Sometimes it seems like the drive to control the amount of damages awarded for medical malpractice is on some kind of political message loop. Often called “tort reform,” it frequently is fodder in election campaigns, and is always a popular lawyer-bashing topic at cocktail parties. One state or another is always considering capping the amounts that can be paid as a consequence of somebody’s medical error with the justification that it will prevent frivolous lawsuits, hold medical malpractice insurance costs in check and reduce health-care costs for everyone. None of which is true, but when it gets said over and over, the false message gains some traction.

We’ve written about the constitutional protection that these efforts threaten, about the myths of malpractice caps and the irrational fears behind them. Now a new study by Public Citizen, a nonprofit consumer interest organization, puts the lie to all the folks who think limiting your damage recovery rights would enable the delivery of better and more cost-effective medical care.

“Medical malpractice payments were at their lowest level on record in 2011,” the report concludes. “But, contrary to the promises of policymakers and leaders of physician groups who have spent the past two decades championing efforts to restrict patients’ legal rights, there is no evidence that patients have received any benefits in exchange for ceding their legal remedies. Instead, the evidence suggests that litigation restrictions have suppressed meritorious claims, forcing malpractice victims and ordinary patients to absorb the costs of treating injuries caused by uncompensated medical errors.”

Tort reform measures such as overriding jury damage awards with legislative caps, did nothing to lower health-care costs. They have done absolutely nothing, the study says, to protect patients. As summarized on AboutLawsuits.com using figures from the National Practitioner Data Bank, the overall value of all medical malpractice payments made last year accounted for only 1/10 of one penny of the nation’s health-care costs. The payments fell for the eighth straight year, despite some claims that medical malpractice costs were on the rise.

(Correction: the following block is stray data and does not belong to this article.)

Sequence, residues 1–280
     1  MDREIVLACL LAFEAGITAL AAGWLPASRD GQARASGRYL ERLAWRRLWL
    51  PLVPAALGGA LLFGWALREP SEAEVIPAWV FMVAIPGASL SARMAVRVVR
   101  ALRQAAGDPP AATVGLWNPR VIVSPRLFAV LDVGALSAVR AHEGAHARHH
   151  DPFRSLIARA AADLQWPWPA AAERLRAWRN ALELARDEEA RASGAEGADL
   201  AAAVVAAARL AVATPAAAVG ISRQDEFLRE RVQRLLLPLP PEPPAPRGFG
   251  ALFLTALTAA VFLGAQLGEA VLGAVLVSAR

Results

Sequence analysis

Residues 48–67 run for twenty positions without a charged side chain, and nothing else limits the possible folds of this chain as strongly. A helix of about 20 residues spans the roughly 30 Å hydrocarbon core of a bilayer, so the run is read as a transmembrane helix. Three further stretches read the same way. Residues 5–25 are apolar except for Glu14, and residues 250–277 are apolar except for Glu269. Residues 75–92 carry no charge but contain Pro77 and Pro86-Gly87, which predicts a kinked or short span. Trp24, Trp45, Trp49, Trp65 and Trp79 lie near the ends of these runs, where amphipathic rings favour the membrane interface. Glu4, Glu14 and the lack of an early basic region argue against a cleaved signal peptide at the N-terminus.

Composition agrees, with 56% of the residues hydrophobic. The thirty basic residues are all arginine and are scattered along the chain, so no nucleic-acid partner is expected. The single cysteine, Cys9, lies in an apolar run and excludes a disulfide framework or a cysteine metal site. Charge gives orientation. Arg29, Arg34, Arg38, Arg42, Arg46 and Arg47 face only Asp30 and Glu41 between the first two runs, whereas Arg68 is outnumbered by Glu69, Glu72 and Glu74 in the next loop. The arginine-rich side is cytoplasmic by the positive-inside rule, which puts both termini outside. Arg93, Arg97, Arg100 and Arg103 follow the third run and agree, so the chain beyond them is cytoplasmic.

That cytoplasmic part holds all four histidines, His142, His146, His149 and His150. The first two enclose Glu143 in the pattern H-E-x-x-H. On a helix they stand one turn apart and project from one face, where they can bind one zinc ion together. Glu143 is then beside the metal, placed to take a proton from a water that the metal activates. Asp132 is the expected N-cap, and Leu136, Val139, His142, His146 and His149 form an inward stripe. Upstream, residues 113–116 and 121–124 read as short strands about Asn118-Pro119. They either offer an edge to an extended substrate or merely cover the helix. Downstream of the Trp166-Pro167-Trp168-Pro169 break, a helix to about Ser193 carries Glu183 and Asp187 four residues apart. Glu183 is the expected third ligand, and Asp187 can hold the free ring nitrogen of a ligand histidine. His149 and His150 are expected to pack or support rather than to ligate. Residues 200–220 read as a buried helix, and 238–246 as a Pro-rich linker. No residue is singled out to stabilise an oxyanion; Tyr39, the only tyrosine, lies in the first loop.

From 2000 to 2011, the report said, health-care costs in the U.S. almost doubled. During that period, the value of medical malpractice payments fell by about 12 percent. Public Citizen found that 8 in 10 medical malpractice claims that ended in payment resulted from patients who suffered death, catastrophic harm or serious, permanent injury.

Texas is the poster child for tort reform and all the good its advocates promise. In Texas, medical malpractice reforms, including a $250,000 cap on noneconomic damages, were initiated in 2003. Since then, malpractice payments made by doctors have declined 65 percent. But what about what patients pay? Health insurance premiums have increased faster in Texas than the national average.

The Journal of Empirical Legal Studies supported Public Citizen’s analysis of the situation in Texas. It concluded that the “accumulation of recent evidence finding zero or small effects suggests that it is time for policymakers to abandon the hope that tort reform can be a major element in health-care cost control.”

So the next time you hear the clarion call of tort reform as a way to improve medical care and control costs, consider the source. Invariably, it’s someone whose interests are about patient care and safety the way a great white shark’s interest is baby seal conservation.

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July 23, 2012

Uninsured Hospitals Compound Potential Patient Malpractice Harm

Suppose you need gall bladder surgery. Suppose there’s a prestigious urban teaching hospital nearby with lots of famous doctors and researchers who get a lot of media attention for all the ground-breaking work they do. Suppose it’s in your insurance network and your surgeon has privileges in its OR.

Perfect, right?

Maybe. But suppose you undergo the operation and something goes wrong, as it sometimes does, and you suffer lasting harm because somebody made a mistake.

You retain an attorney, sue the hospital for damages and win the trial. Although you can’t undo the error, at least it was recognized and compensated, right?

Not necessarily. Or so it seems from a recent story in the New York Times. “Several of the city’s most troubled hospitals are partially or completely uninsured for malpractice…,” according to the story, “forgoing what is considered a standard safeguard across the country.”

The problem isn’t limited to New York, although certainly the Big Apple appears to have a serious problem, particularly in underserved, poorer neighborhoods. But it can happen anywhere.

You’d think any hospital would insure itself for what sometimes is the cost of doing business that has such great potential for causing terrible suffering. But as reported on Pop Tort, a consumer advocacy project of the Center for Justice & Democracy, a recent Consumer Reports survey revealed that 30 of the 50 lowest-rated U.S. hospitals in terms of quality of care were found in New York City. New York-Presbyterian, home of TV’s “NY Med,” for example, features open-heart surgery performed by star surgeon Mehmet Oz, and it performed 18 percent worse on the survey on than the national average.

Pop Tort referred to Time magazine’s article, “Why The ‘Best’ Hospitals Might Also Be The Most Dangerous," and commented, “Clearly, the days when New York hospitals were more well known for their rampant medical errors (and tiny percentage of harmed people who sue) than superstar miracles, seem a distant past.”